NEW HAVEN-After winning the State Open finals in the 220-pound bracket, Bristol Eastern senior Trinidad Gonzalez couldn’t help but let out a long sigh of relief.
One year removed from a painful overtime loss in the same tournament, Gonzalez cured a year’s worth of heartache with a 2-1 decision over Shelton’s Ray Weiner on Saturday afternoon.
“Taking second last year wasn’t a good feeling,” Gonzalez said. “My main goal (in the finals) was to go out there and dominate and control the match. I think I did pretty well.”
Gonzalez’s finish helped the Lancers secure fourth place as a group for the event, as Trent Thompson (106) and Tom Nichols (132) each finished in third place. Like Gonzalez, Nichols took a narrow decision, winning 1-0 over Saul Pera of Simsbury, while Thompson won a lopsided 13-4 major decision over Joel Barlow’s Josh Brault.
Despite finishing with multiple place winners and a top-five finish overall, Eastern head coach Bryant Lishness was still hoping for a higher finish, though the team’s final three matches helped boost morale by the time the tournament came to a close.
“I was hoping for a little more, but this is a tough tournament,” Lishness said. “We had a couple losses by one point that were kind of frustrating, but it is what it is.”
Berlin senior Dan Veleas opened the finals matches by taking on Tyler Sung of New Canaan in the 145-pound bracket, and lost a 5-0 decision. Veleas, coming off a third straight Class M championship, was hoping for a State Open title, but still accomplished his preseason goal of advancing to the New England Championships next weekend.
“I was really happy with the way I wrestled in the matches leading up to the finals,” Veleas said. “(Sung) was a really tough opponent. I was trying to get to my attacks and he kept me away and got to his offense. I have to give him credit for that. I wanted to be a State Open champion, but I’m proud of the way I performed this weekend.”
Veleas was the only member of the Redcoats to compete in the medal rounds, as the team lost a pair of seniors to injury during the tournament. Sebastian Malespini suffered an injured elbow, while Max Schlein injured an already hurting shoulder that forced him out of the tournament after wrestling two matches.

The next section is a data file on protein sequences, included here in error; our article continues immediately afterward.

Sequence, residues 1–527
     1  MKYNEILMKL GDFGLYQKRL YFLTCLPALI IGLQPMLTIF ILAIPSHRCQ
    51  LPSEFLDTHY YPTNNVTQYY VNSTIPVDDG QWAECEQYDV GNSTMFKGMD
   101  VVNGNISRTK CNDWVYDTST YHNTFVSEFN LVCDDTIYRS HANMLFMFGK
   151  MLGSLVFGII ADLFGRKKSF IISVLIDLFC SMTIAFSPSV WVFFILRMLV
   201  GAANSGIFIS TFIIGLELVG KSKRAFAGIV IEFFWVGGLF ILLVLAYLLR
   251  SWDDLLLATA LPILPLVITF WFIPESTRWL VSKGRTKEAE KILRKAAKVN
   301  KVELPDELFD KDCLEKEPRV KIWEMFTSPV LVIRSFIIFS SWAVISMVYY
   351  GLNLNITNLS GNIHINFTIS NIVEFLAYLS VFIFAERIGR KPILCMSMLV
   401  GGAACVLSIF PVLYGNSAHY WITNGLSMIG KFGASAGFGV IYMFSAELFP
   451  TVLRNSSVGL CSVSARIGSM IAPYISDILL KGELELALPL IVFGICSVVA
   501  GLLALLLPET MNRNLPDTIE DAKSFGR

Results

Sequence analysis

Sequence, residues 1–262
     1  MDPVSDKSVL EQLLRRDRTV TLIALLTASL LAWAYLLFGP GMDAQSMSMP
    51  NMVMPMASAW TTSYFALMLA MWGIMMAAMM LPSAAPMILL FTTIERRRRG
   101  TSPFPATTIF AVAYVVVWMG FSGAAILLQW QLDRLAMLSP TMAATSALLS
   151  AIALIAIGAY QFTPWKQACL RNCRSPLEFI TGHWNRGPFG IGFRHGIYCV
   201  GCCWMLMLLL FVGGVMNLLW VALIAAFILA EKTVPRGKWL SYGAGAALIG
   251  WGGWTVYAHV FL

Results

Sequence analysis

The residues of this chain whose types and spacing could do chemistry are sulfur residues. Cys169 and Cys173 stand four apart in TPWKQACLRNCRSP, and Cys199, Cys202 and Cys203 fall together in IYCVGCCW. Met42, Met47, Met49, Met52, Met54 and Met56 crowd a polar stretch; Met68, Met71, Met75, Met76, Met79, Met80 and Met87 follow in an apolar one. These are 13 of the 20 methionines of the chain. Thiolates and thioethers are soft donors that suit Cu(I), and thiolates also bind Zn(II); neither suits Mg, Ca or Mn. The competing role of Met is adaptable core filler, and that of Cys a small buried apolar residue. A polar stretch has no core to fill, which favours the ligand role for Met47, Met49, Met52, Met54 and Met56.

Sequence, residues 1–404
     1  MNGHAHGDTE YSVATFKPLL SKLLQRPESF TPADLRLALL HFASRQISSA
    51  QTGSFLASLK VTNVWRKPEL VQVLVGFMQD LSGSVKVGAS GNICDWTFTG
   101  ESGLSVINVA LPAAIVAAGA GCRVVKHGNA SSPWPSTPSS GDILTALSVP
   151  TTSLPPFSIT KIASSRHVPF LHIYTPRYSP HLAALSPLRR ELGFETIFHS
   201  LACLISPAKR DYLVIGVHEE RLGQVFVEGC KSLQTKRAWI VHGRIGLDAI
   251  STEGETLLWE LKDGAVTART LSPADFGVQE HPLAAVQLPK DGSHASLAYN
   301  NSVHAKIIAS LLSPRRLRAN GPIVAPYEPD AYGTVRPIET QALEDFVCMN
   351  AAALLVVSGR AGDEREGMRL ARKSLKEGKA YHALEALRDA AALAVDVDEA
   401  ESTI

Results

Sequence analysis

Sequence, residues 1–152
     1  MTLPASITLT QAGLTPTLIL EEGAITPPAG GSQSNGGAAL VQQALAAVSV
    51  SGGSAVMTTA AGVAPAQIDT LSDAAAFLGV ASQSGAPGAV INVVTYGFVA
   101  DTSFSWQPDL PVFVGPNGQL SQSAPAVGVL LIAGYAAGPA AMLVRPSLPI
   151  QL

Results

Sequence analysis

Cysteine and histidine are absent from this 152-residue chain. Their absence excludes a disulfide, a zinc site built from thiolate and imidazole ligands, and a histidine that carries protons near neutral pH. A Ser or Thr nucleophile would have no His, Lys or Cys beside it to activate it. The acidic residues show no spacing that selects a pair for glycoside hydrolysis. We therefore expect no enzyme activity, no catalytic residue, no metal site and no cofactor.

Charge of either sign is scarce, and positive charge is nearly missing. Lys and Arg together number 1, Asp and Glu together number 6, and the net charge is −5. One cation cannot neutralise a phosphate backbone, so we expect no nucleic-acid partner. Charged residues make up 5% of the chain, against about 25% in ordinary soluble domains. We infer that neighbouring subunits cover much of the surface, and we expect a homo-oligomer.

“We shut (Max) down for the last few weeks of the regular season, but he hurt it again in the Class M finals,” Berlin head coach Peter Veleas said. “That’s always tough, but that’s the genius of wrestling. You’re fighting yourself first. You have to compete against yourself.”
While the Redcoats’ misfortunes were out of their control, Southington head coach Derek Dion watched his Blue Knights struggle with aspects of the tournament that were in their control, as the team managed only a pair of fifth-place finishers, one by forfeit, en route to an overall finish of eighth place.
“We had a bad day,” Dion said. “We were losing one and two point matches. We had the first takedowns in most matches and were just laying eggs out there. The kids wanted it, but weren’t executing in the third period.”
While Josh Vitti (160) recorded the forfeit win for fifth place, Jacob Cardozo defeated Xavier’s James Lunt in an 8-2 decision to give the Blue Knights a happy ending to an otherwise frustrating weekend.
Bristol Central didn’t have any competitors in the medal rounds, but walked away feeling optimistic. After showing significant improvements at the Class L tournament last weekend, the Rams saw more strides in the right direction thanks to four out of five wrestlers making it to the final day of the tournament, including junior Jason Feto, who came one match short of wrestling for a medal.
“Feto had a phenomenal tournament,” Central head coach Matt Boissonneault said. “He wrestled a kid that beat him 11-1 last year and beat him this time, and then beat a Class L champ who beat him last week (Nichols of Bristol Eastern) in a really good match. I was really pleased with his effort.”
Also pleased with his team’s effort was Plainville head coach Rusty Spence, who watched his inexperienced Blue Devils earn valuable experience at the state level, while some even turned in victories, including senior Travis Boone.
“We won four matches (Friday) night, and Travis pinned two kids really fast,” Spence said. “We weren’t expecting too much, but it was good to see a senior last as long as he did.”
Newington entered the open in a similar situation as Plainville, eager to see how its young group would handle the biggest stage of the season. Head coach Thuong Nguyen was encouraged by the result, despite no Indians placing in the tournament.
“I feel like we wrestled to the best of our ability,” Nguyen said. “The State Open was something they were looking to achieve, and now they’ve been here. Now the expectation is to come back here and win.”
New Britain also didn’t have any wrestlers competing for a spot in the top six, but head coach Jordan Jacquo watched his Hurricanes fight hard, including Isahus Maldonado (106) who lost both matches by two points, while wrestlers Isaiah Medina and Nickolas Richardson made it to the second day of action before being eliminated.
“They all fought hard,” Jacquo said. “I’m very proud of the way they held their own. They left it all on the mat.”